This is how carbon dating works: Carbon is a naturally abundant element found in the atmosphere, in the earth, in the oceans, and in every living creature.
C-12 is by far the most common isotope, while only about one in a trillion carbon atoms is C-14.
The amount of cosmic rays penetrating the earth's atmosphere is itself affected by things like the earth's magnetic field which deflects cosmic rays.
Precise measurements taken over the last 140 years have shown a steady decay in the strength of the earth's magnetic field.
There, you will find a brief description of the method, plus links to take you to other webpages with more extensive information.
Dating is not necessary to demonstrate that evolution is a fact.
However, there is strong evidence which suggests that radioactive decay may have been greatly accelerated in the unobservable past.
If the ratio is a quarter of what it should be (one in every four trillion) we can assume the creature has been dead for 11,460 year (two half-lives).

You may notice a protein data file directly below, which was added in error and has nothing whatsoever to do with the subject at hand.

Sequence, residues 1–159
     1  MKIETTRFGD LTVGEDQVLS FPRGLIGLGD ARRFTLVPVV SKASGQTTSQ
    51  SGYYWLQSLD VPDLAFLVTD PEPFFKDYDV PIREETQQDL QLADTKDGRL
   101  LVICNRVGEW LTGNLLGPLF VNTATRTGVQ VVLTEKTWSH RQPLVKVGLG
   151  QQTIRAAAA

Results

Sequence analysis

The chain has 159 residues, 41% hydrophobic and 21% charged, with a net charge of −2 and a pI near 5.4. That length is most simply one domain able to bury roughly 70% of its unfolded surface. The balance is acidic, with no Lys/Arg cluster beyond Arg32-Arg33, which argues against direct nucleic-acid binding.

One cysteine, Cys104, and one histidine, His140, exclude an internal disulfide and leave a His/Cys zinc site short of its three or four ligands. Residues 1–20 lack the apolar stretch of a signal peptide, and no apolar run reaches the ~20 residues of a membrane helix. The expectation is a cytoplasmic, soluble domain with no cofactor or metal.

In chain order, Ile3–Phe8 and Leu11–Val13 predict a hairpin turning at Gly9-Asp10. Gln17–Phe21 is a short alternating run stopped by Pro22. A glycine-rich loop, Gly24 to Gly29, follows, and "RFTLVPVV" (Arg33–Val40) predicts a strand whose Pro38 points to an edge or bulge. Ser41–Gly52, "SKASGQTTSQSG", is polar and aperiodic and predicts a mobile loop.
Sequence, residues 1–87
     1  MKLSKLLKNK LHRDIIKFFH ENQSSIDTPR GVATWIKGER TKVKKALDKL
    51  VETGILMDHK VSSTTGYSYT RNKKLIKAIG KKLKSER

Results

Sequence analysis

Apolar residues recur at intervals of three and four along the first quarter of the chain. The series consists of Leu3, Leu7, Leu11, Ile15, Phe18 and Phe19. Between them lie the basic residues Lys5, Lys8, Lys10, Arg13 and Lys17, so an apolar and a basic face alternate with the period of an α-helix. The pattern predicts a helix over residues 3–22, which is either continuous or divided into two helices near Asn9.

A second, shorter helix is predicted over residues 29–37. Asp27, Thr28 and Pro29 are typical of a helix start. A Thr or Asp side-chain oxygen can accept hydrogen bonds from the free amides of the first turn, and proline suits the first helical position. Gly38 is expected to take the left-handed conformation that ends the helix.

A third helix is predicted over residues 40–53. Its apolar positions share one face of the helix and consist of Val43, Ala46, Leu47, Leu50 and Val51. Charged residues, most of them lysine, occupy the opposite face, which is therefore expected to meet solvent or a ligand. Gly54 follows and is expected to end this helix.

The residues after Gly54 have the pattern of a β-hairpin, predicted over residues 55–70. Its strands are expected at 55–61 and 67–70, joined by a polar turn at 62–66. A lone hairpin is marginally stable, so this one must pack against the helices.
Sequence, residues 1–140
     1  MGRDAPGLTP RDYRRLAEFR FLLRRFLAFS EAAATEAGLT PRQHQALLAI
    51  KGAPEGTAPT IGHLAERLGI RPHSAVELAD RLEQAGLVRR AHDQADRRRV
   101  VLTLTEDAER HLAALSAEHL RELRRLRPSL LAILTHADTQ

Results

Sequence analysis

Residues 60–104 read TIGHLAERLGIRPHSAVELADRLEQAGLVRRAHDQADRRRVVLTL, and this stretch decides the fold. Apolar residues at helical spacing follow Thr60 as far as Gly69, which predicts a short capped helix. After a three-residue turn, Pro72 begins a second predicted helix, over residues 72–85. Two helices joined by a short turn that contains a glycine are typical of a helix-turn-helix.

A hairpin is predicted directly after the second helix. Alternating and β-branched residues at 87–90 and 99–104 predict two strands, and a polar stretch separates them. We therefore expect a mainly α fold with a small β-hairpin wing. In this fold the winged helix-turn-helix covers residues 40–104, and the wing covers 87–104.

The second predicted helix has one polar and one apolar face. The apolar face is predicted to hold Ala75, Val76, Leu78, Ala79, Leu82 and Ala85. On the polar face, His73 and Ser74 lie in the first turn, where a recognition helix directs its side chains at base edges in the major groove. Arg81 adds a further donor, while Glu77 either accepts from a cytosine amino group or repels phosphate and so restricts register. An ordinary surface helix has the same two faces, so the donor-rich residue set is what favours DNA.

After about 10 half-lives, the amount of radiocarbon left becomes too miniscule to measure and so this technique isn't useful for dating specimens which died more than 60,000 years ago.
Another limitation is that this technique can only be applied to organic material such as bone, flesh, or wood. Carbon Dating - The Premise Carbon dating is a dating technique predicated upon three things: Carbon Dating - The Controversy Carbon dating is controversial for a couple of reasons.
First of all, it's predicated upon a set of questionable assumptions.
We have to assume, for example, that the rate of decay (that is, a 5,730 year half-life) has remained constant throughout the unobservable past.